You may have heard the news that as of July 18, 2017 Ancestry.com will be requiring that only one DNA test can be activated per account. Before you panic, let's get the facts straight.
1. This won't affect existing multiple kits on your account. Ancestry have made it clear that "If you are a customer who currently manages multiple DNA kits in your account you’ll continue to have access to those DNA results and there’s no action for you to take."
2. You will still be able to administer someone else's test on your account. The changes only effect the activation process. Once activated, you can still go into your test settings and transfer management of your test to another account. They are now calling it "making someone a manager" rather than "transferring administration", but the manager has pretty much all the same access and rights the administrator did, the only thing a manager can't do is remove the owner from access (see the chart above). You can read instructions on how to transfer management from Ancestry's help article found here (scroll down to "making someone a manager"). The changes to the activation process just mean that managing someone else's kit now requires several extra steps of first creating a new Ancestry account and activating it on the new account before management can be transferred to your account.
3. You do not need to subscribe to Ancestry.com to take their DNA test. This means Ancestry are not trying to artificially inflate their subscription numbers. You can read more about the free guest registration here, and sign up for it (not the free trial), with no credit card necessary, here.
4. Ancestry.com have always advertised the number of DNA tests in their database, not the number of accounts that have DNA tests. Therefore, Ancestry are not trying to artificially inflate these numbers either, as these new changes will not affect these numbers. Their company stats are available here.
5. What is their motivation for doing this then? If you read their response to this support topic, from back when they were trialing this, it is a little clearer: "It has been Ancestry policy that only those with legal authority (such as a legal guardian) can activate a test for another user. We are making changes to reflect that policy." My personal interpretation is that this is a legal issue, and their lawyers want the company to assure (as best they can from their side, within reason) that the person activating the test is the person supply the sample. It allows them more deniability if someone accuses someone else of activating their kit without their permission.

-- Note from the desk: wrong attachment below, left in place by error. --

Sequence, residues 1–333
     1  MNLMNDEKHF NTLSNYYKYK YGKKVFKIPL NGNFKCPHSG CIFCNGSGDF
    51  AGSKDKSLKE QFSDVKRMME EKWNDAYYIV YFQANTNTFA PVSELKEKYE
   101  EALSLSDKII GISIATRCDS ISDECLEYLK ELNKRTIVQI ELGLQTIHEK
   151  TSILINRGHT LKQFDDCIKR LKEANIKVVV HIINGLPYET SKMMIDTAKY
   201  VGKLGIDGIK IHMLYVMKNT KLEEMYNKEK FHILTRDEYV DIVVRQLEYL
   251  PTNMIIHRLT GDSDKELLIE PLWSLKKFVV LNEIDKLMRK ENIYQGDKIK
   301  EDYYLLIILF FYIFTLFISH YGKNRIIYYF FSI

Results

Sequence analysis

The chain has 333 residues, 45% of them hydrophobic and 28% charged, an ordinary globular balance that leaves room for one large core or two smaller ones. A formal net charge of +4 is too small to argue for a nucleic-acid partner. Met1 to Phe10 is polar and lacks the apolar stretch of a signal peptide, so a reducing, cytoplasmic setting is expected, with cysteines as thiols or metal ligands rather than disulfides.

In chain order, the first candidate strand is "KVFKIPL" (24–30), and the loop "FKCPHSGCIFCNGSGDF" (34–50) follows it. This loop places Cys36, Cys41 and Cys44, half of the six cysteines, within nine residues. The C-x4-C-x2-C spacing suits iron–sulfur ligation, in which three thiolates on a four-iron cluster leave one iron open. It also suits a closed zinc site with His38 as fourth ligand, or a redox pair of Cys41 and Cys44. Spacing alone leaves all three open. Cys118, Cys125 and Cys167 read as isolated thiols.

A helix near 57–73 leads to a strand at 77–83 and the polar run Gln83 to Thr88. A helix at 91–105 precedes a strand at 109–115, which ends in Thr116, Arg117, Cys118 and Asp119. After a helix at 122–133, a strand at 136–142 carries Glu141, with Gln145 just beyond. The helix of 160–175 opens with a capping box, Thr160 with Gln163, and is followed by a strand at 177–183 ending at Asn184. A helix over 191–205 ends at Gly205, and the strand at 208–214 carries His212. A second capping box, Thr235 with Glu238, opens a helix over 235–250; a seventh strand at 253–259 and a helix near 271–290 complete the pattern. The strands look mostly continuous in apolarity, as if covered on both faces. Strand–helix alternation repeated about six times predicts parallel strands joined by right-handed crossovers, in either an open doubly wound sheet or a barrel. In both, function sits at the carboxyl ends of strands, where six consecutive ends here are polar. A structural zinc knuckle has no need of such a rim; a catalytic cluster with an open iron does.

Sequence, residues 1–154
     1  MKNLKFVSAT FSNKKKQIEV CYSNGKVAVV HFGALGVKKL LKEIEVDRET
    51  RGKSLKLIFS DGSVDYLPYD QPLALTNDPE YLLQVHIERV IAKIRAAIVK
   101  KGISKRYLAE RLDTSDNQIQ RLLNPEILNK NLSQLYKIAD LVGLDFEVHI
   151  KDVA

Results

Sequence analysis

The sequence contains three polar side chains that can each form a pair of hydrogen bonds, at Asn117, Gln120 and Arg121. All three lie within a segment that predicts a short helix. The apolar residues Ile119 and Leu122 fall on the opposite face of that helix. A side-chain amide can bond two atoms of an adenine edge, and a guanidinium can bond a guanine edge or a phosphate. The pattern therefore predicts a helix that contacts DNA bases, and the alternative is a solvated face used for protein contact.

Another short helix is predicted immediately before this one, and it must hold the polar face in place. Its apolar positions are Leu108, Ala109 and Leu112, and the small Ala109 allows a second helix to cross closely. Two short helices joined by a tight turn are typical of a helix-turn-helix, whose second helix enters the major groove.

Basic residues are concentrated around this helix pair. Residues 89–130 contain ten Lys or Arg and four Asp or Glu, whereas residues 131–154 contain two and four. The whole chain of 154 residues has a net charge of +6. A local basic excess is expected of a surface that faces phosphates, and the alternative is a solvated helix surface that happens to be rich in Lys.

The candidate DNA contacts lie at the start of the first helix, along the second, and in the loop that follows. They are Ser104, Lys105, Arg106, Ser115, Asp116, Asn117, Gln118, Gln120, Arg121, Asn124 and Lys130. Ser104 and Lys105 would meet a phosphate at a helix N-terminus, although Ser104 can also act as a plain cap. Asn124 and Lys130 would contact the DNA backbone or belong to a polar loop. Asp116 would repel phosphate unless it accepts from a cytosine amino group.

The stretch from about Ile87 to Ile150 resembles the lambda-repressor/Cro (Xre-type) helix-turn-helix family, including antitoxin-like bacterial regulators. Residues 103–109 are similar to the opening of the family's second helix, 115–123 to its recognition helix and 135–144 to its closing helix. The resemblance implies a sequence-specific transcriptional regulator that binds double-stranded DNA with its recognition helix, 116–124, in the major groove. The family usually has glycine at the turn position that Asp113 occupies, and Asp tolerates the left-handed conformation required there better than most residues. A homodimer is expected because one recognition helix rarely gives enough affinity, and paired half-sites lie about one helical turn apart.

6. Other companies have similar policies. Not only does FamilyTreeDNA require a different account for each person, they do not even allow you to transfer management to another account after activation like Ancestry do. The only saving grace to this is that FTDNA allow you to register more than one account with the same email address, because their login details use kit numbers instead of email address. But it still forces you to constantly login and out of different tests if you manage more than one. Ancestry's changes may feel like a step backwards in their activation process, but when you consider the alternatives, Ancestry still has an advantage over some.
Understanding all this, of course the new changes are still an annoying inconvenience when someone wants you to administer their test on your account. But despite all the objections made by customers during the trial of these changes, they are clearly going ahead with it anyway. Personally, I would respect this change more if they stopped trying to make it sound like this is of some kind of benefit to customers, as though this system is easier for us, when we all know it's not.
If you recently took advantage of the AncestryDNA sale on Amazon Prime Day and this is not your first kit, I recommend you hurry up and activate as soon as it arrives so you don't have to deal with this come July 18th. Fortunately, Prime promises 2 day shipping, so you should have already received it, if not today than tomorrow. You can activate it before you supply the sample and send it into the lab, and there is no deadline on when you can send it in after activating, so don't delay on activating it!